The goat, along with sheep, were among the earliest domesticated animals. Goat remains have been found at archaeological sites in western Asia, such as Jericho, Choga, Mami, Djeitun and Cayonu, which allows domestication of the goats to be dated at between 6000 and 7000 B.C. However, unlike sheep, their ancestry is fairly clear. The major contributor of modern goats is the Bezoar goat which is distributed from the mountains of Asia Minor across the Middle East to Sind. Unlike sheep, goats easily revert to feral or wild condition given a chance. In fact, the only domestic species which will return to a wild state as rapidly as a goat is the domestic cat.
Phragmites australis, or the common reed, is a rapid colonizer that has overrun many coastal wetlands from New England to the Southeast. A non-native perennial, it can form dense stands of grass up to 10 feet high that block valuable shoreline views of the water, kill off native grasses, and alter marsh function.
Now, field experiments by researchers at Duke and six other U.S. and European universities have identified a more sustainable, low-cost alternative: goats.
“We find that allowing controlled grazing by goats or other livestock in severely affected marshes can reduce the stem density of phragmites cover by about half in around three weeks,” said Brian R. Silliman, lead author of the new study and Rachel Carson associate professor of marine conservation biology at Duke's Nicholas School of the Environment.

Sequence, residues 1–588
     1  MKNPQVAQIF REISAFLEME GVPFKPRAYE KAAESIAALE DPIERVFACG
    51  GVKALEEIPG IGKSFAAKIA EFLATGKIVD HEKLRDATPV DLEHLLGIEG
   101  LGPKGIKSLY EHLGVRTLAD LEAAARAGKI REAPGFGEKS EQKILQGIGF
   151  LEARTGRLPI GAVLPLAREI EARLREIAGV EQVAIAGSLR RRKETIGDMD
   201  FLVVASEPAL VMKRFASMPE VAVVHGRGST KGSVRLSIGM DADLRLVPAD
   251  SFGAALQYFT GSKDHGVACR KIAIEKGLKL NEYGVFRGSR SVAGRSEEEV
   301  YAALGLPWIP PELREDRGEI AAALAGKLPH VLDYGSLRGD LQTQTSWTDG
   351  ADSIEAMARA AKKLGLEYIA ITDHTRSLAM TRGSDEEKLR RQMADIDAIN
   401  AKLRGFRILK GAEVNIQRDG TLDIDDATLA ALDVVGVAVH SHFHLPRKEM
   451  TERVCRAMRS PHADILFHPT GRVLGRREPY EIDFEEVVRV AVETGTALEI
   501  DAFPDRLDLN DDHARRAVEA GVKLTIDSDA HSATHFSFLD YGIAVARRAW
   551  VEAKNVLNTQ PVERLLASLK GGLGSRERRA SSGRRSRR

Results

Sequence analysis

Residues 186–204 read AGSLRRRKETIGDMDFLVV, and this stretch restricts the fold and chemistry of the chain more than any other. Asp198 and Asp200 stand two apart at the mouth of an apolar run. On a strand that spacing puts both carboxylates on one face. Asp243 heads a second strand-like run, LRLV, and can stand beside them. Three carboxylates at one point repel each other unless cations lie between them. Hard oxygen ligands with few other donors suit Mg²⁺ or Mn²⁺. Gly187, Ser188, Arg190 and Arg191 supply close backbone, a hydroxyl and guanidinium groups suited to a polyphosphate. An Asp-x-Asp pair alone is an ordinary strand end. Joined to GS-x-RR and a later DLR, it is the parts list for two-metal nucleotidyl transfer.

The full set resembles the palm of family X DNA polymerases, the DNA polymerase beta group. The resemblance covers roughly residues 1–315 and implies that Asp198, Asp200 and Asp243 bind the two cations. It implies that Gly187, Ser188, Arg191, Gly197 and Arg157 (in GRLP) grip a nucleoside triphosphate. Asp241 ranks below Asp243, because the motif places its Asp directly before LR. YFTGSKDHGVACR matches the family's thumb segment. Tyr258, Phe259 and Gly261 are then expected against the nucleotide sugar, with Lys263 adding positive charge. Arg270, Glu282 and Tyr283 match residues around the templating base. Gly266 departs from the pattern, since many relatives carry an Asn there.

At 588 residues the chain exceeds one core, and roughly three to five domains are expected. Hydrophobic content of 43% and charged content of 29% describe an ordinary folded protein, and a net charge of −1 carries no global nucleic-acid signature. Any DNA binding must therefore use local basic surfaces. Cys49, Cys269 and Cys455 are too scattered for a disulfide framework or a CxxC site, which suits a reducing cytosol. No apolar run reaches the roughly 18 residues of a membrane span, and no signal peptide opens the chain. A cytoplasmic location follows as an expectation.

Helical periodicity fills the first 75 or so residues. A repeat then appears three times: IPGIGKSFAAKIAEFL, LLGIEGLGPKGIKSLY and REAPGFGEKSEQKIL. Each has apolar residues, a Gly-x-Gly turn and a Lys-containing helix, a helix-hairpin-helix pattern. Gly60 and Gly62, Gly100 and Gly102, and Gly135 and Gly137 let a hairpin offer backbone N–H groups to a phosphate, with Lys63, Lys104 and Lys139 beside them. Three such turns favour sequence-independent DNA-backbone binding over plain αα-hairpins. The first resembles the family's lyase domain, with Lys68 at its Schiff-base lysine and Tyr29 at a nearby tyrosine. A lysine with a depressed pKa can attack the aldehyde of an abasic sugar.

“The goats are likely to provide an effective, sustainable and much more affordable way of mowing down the invasive grass and helping …
“For more than two decades, we've declared major chemical and physical warfare on this grass, using all the latest manmade weapons,” Silliman said. “We've used helicopters to spray it with herbicides and bulldozers to remove its roots. More often than not, however, it returns.”In this study, we show that sustainable, low-cost rotational livestock grazing can suppress the unwanted tall grass and favor a more diverse native plant system,” he said.
Silliman said the re-emergence of native marsh plants could happen even faster and be more sustained if managers combine grazing with the selective use of herbicides to eradicate any remaining phragmites and then re-plant native species in its place.
The research findings appear this week in the open-access online journal PeerJ.
“This could be a win-win-win-win situation,” Silliman said. Marshes win because native diversity and function is largely restored. Farmers benefit because they receive payment for providing the livestock and they gain access to free pasture land. Managers win because control costs are reduced. Communities and property owners win because valuable and pleasing water views are brought back.
The approach has been used for nearly 6,000 years in parts of Europe and recently has been successfully tested on small patches of heavily phragmites-invaded marshes in New York, he notes. “Now, it just has to be tested on a larger spatial scale.”
So the researchers obtained some goats and put them in test pens. According to their calculations, a pair of goats was able to chew a reed infestation from 94 percent down to 21 percent over the course of the study. Released in the wild, such hungry goats could make a big impact, they say, reducing the coverage of weeds by half in as little as three weeks. And in a nice side benefit, treatment by goats instead of herbicides allows native grasses to grow back (as much as five-fold, according to the study). Duke's Brian Silliman, who led this research, believes that goats could be a cheap and sustainable supplement to more traditional reed-killing methods.
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